In my last post, What’chu Talkin’ ‘Bout Willis?, I suggested a framework for a new Candidates Cycle. It was partly based on the current model, with a series of qualifying events and then one-on-one matches. The big proposal was to solve some of the problems I saw in the current match cycle by incorporating draw-odds for the higher-seeded player, along with an extra-white for the lower-seeded player. (It’s explained in more detail in the original post, but the series of qualifying events would provide the top half of the seeds.)
In the comments section there, Dan Schmidt suggested that using the draw-odds/extra-white might not combine to create a scenario in which the draw-odds advantage was not overly large. Someone posted a link to that entry on the ChessPub forums, and “Symslov_Fan” responded along similar lines, saying that the draw-odds advantage is too large.
At the time of my first post, I hadn’t done any simulations to figure out what sample odds might be in such a scenario, but I began doing that last week. Then David Krantz (a statistics professor at Columbia) had an article published on ChessVibes that looked in more detail at some stuff I was just doing myself. His article can be seen here.
I had assumed some different result-probabilities, but one basic conclusion is the same – matches of 4 games aren’t markedly different than matches of 6 or 8 games when it comes to the odds of having a clear winner in the classical portion.
(I used a model where the chances for each player were the same with white, namely 24% win, 64% draw, and 12% loss. At least in my somewhat-outdated database, these were the average statistics for all classical games where both players were 2700+ FIDE.)
Anyways, here’s the summary table for “short” match lengths:
So longer matches help, but there are diminishing returns. Certainly 6 game matches are more likely than 4-gamers to produce a decisive match, but 27% still seems quite high to me. As explained in the last post, I’d rather avoid quickplay tiebreaks for the classical title, while promoting more fighting chess. Completely risk-averse play from both players (a la Kramnik-Radjabov) can be seen in an 8-game match too after all.
Using the same result-probabilities, here are the simulated results for matches where one player has draw-odds while the other has an extra white:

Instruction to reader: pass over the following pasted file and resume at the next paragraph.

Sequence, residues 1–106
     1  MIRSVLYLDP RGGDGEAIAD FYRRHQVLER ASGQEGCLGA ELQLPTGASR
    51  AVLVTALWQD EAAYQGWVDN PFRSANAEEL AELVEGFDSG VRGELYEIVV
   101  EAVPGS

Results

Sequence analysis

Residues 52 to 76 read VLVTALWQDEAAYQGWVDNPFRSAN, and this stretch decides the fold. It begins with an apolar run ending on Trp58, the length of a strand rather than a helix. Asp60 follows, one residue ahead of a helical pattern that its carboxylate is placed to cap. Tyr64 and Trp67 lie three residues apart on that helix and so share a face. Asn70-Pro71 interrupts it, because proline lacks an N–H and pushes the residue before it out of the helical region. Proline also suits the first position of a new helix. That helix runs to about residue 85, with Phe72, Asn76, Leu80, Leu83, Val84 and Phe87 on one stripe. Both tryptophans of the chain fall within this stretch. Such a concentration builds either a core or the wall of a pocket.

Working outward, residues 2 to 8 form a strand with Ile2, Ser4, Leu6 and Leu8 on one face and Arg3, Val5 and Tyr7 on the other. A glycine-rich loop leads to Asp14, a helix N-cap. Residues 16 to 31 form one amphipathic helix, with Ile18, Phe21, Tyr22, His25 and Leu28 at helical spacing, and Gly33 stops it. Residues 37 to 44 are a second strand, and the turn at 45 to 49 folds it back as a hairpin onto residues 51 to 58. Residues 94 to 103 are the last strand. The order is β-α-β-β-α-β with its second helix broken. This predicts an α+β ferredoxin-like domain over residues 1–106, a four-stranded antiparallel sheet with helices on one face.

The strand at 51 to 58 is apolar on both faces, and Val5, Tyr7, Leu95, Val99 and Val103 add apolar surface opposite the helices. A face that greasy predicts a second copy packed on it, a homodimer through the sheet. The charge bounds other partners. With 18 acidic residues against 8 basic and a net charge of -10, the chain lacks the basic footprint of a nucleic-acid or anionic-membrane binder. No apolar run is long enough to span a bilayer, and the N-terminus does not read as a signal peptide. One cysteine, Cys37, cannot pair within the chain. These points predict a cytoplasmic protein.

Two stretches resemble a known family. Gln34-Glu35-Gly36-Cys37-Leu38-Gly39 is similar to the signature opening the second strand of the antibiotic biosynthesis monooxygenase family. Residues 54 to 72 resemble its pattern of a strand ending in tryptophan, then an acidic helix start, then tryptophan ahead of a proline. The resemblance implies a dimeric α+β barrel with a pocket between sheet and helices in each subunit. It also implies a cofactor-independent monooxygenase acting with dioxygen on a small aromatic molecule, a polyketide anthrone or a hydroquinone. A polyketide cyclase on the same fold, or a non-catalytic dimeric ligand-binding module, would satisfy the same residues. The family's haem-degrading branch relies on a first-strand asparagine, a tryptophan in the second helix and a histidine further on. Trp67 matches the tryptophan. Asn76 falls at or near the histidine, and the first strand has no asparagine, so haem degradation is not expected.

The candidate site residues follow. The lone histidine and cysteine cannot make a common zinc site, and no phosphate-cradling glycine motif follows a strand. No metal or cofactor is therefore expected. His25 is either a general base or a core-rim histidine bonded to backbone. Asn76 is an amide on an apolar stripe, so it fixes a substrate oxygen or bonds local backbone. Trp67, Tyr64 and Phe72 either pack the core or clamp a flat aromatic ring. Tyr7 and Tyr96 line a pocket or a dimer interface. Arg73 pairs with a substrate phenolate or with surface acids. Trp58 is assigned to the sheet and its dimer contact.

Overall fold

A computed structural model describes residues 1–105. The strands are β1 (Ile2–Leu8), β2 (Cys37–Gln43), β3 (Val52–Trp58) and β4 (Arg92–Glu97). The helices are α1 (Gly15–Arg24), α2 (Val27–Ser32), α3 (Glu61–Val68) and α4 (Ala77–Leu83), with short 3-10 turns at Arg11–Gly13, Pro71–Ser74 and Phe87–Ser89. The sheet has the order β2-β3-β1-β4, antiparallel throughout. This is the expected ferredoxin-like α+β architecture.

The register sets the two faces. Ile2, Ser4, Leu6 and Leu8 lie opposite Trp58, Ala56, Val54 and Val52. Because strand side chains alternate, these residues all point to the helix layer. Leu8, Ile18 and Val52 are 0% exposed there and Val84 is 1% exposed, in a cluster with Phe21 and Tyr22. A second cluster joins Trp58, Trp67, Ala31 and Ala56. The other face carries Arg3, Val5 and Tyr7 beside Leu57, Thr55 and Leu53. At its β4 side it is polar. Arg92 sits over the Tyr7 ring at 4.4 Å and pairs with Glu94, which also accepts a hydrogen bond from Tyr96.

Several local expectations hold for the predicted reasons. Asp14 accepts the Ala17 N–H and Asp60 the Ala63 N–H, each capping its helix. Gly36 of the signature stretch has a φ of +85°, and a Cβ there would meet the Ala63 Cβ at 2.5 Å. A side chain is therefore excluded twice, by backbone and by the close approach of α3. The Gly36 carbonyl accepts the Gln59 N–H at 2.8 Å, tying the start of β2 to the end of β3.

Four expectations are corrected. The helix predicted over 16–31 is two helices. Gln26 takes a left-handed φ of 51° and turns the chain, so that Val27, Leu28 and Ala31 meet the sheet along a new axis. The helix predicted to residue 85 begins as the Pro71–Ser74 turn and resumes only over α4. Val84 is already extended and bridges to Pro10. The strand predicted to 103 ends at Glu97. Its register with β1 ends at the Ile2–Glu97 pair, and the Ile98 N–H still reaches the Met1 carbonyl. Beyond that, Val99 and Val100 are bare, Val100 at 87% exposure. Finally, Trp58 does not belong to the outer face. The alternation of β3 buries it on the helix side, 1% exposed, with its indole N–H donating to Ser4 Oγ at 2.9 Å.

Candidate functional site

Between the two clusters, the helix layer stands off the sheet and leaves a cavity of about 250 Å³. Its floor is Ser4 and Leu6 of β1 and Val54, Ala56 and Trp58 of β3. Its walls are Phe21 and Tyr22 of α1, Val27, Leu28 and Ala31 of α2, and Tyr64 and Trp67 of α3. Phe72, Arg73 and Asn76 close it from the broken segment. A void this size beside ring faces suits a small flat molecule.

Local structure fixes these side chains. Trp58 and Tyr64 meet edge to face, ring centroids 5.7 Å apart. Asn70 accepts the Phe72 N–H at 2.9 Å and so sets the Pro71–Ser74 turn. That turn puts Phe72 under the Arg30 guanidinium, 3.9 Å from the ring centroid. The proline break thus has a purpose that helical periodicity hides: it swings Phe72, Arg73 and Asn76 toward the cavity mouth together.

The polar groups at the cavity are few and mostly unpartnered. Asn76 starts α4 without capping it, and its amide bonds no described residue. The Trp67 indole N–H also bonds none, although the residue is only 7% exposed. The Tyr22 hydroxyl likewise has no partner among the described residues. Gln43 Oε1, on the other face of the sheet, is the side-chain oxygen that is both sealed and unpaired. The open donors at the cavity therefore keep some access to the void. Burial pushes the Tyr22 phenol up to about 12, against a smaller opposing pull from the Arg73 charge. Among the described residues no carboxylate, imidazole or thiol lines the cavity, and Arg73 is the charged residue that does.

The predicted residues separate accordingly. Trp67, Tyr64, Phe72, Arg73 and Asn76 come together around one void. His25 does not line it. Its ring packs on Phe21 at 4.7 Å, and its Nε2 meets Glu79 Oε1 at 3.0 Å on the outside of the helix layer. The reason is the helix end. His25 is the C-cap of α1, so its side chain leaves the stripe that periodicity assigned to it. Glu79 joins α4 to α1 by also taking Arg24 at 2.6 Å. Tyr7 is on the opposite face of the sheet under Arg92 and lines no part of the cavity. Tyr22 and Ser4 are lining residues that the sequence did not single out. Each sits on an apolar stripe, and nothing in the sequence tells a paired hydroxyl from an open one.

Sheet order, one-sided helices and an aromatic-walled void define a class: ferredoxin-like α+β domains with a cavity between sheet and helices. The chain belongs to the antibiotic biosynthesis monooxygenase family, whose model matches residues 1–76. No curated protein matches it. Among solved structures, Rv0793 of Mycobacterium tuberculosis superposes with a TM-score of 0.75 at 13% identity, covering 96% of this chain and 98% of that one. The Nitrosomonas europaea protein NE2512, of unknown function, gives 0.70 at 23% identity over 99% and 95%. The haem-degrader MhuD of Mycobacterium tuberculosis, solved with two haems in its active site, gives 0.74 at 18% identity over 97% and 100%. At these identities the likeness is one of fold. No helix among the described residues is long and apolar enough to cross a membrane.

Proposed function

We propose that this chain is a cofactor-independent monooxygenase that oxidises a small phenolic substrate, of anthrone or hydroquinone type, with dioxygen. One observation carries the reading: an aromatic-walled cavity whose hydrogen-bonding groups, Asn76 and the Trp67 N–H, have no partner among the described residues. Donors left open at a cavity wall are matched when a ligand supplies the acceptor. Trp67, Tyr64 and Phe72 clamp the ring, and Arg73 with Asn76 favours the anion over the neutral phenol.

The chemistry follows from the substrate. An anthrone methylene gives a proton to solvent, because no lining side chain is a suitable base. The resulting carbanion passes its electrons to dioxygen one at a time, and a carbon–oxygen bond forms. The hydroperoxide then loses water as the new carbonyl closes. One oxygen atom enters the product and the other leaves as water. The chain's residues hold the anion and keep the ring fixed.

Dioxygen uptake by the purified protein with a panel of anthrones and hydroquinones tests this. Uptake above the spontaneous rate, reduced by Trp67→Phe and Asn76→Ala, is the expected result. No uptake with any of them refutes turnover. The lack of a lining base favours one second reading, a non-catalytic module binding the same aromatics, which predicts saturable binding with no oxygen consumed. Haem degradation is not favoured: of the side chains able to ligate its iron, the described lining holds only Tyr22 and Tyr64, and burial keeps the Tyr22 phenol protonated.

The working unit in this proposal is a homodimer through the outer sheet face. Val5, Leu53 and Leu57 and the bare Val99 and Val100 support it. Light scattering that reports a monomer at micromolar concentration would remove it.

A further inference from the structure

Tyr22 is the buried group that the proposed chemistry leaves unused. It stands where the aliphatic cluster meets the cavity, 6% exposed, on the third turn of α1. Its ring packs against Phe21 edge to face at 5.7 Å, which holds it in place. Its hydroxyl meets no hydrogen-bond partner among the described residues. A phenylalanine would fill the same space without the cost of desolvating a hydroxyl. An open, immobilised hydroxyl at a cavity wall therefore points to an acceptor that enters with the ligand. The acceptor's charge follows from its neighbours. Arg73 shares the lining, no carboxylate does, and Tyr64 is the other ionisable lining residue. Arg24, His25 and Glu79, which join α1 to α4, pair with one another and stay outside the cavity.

Pretty much all 3 lengths give the higher-seed near a 60% chance of advancing. Of course, this assumes that both players are identical in terms of their result-probabilities, so in the real world, the odds would probably be different. For example, if the lower-seed is relatively better than that with white, while the higher-seed is relatively weaker with black, the draw-odds advantage decreases. From a quick look, this is a few percentage points more than what home-field advantage usually confers in major sports.
In his article, Krantz breaks down the complaints into five categories:
“(i) Uninteresting: the large number of short draws detract from spectator and subsequent reader and historical interest.
(ii) Unsporting: the short draws suggest lack of serious effort.
(iii) Excessive role for luck: the ‘best’ challenger has a poor chance of winning, because too much depends on luck in short matches.
(iv) Excessive reward for ultra-cautious play by the weaker player: In longer matches, an ultra-cautious strategy, such as the one I attributed to Grischuk, would have little chance of success, and therefore would not be used.
(v) Departure from ‘classical’ chess: the winners are determined by methods that are not valid indicators of superiority in slow-play chess; just as in point (iii), the “best” challenger may not win.”
He suggests slightly longer matches to try and reduce (iv), and thereby possibly reduce the other four complaints. My suggested 5- and 7-game matches would actually feature the same number of black games for the higher-seeded player as 6- and 8-game matches, while further ameliorating the other four complaints in my view.
It was also suggested in the comments to give the higher-seed the option of draw-odds or extra-white, but it’d be a very strange scenario where the higher-seed would want to take the extra white over draw-odds. Just spot-checking a few of the Candidates in this cycle, nobody would have come close to flipping these results around.
Radjabov as a 2700, against other 2700s for example, is heavily inclined to draw: with white, he wins about 18% of the time, draws 77% of the time, and loses 5% of the time. Meanwhile, as black, he wins 20% of the time, draws 63% of the time, and loses 17% of the time. His drawing percentage was the highest of any of the candidates, and frankly, the boring nature of Kramnik-Radjabov should’ve been expected, as besides Radjabov, Kramnik was next in line with the highest drawing percentages (31%, 63%, 6% as white; 17%, 73%, 10% as black).